My guess is that such course would be very popular among students. Most importantly, it would give them useful tools for their academic present and for their professional future. Much research in the humanities, in the past and present, has made and makes extensive use of data. Historians consult demographic, economic or other statistics to reconstruct and interpret the past. Linguists use corpora, observational or experimental data to validate their theories. Philosophers are paying more attention to empirical data, in particular ethicists and philosophers of language. All this is happening at NTNU (and elsewhere) right now, but it is not adequately reflected in what we teach students. Too often, we keep cutting-edge research methods away from them. Exposing only a few students to quantitative research methods as part of supervision for their thesis is too little, too late.
Most of our students will be employed outside the academia. And everyone outside the academia works with data. Students with a humanities degree must engage intelligently and critically with doctors, engineers, scientists, economists, politicians. To do that, they need to understand the data that these professionals generate and operate with. If a student with an English degree becomes a high school teacher, she would want to track progress of her students over terms or years: being able to work with data helps there, too. Data are increasingly used in journalism, and some of our students do choose that professional path. Others embark on careers as public servants and politicians: understanding whatever data come their way is mandatory to make informed decisions. The humanities rest on several pillars which should remain at the center of a liberal education: critical thinking, logical and rhetorical analyses of discourse, a discussion of the presuppositions of scientific inquiry, emphasis on the historical dimensions of human activity and knowledge, close attention to language as a medium of such activities. All this is still relevant, and perhaps as relevant as ever. But all these skills require an object to which they can be applied. Traditional and new objects of humanistic inquiry are now often presented in the form of data sets.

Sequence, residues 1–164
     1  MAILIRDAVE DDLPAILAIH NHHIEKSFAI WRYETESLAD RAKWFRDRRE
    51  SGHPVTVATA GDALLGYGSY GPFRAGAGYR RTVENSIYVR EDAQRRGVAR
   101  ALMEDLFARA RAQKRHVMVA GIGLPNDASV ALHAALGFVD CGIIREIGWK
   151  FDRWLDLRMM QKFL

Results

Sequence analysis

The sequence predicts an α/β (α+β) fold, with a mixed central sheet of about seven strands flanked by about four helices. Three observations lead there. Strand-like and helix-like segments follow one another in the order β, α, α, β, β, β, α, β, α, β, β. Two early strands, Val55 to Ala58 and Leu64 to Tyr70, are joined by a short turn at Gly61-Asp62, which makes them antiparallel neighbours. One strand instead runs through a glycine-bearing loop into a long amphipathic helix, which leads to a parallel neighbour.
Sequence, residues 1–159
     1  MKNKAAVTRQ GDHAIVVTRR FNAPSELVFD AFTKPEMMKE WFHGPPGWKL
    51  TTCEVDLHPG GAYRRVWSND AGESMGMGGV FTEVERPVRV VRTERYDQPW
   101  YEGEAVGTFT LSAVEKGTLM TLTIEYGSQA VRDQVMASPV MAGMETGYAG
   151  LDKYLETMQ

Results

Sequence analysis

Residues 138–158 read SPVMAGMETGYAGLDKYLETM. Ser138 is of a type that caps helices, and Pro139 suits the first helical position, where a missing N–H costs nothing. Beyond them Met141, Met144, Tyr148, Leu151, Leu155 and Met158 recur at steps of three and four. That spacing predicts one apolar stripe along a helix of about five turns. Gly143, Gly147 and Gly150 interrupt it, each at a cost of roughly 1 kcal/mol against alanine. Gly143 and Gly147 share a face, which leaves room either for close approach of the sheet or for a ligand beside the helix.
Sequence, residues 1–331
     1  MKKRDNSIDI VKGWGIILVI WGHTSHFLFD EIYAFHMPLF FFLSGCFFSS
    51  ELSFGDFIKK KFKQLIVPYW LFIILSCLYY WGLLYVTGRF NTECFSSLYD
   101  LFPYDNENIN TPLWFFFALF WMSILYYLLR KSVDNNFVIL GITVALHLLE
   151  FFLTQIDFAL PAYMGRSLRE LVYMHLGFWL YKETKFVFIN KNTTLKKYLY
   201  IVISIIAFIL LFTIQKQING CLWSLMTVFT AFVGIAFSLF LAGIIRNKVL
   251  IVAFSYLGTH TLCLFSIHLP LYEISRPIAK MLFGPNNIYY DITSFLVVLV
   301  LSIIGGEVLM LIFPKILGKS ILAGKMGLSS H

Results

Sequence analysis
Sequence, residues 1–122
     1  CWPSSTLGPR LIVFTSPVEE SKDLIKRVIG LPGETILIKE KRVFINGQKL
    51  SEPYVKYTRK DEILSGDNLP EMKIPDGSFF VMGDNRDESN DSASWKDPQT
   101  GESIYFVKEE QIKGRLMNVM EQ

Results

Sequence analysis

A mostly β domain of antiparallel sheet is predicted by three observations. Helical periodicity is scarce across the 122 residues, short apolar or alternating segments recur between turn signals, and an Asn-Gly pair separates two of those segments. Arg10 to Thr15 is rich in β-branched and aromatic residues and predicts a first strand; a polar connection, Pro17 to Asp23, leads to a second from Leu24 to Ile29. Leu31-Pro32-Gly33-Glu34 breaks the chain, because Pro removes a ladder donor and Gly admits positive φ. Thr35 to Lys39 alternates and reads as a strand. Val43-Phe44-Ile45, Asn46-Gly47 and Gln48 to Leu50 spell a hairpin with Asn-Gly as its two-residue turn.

There is another reason why I believe we should offer humanities students training in data analysis methods, which is as important as the utilitarian value of possessing such skills. This reason has to do with the comparative advantages and disadvantages between students from different faculties. If we consult NSD’s ‘Database for statistikk om høgre utdanning’ (DBH) and we track the numbers of students per faculty, enrolled at NTNU in the fall over the past 14 years (2002-2015), we note several important trends. The number of students at NTNU has grown from 19310 in 2002 to 23898 in 2015. The number of students in the Humanities has remained very stable. On average, 3660 students are enrolled in the fall term each year. Students enrolled in science and technology subjects are more numerous each year. For example, Engineering has nearly doubled its students over this period, and the number of Medicine students has nearly tripled.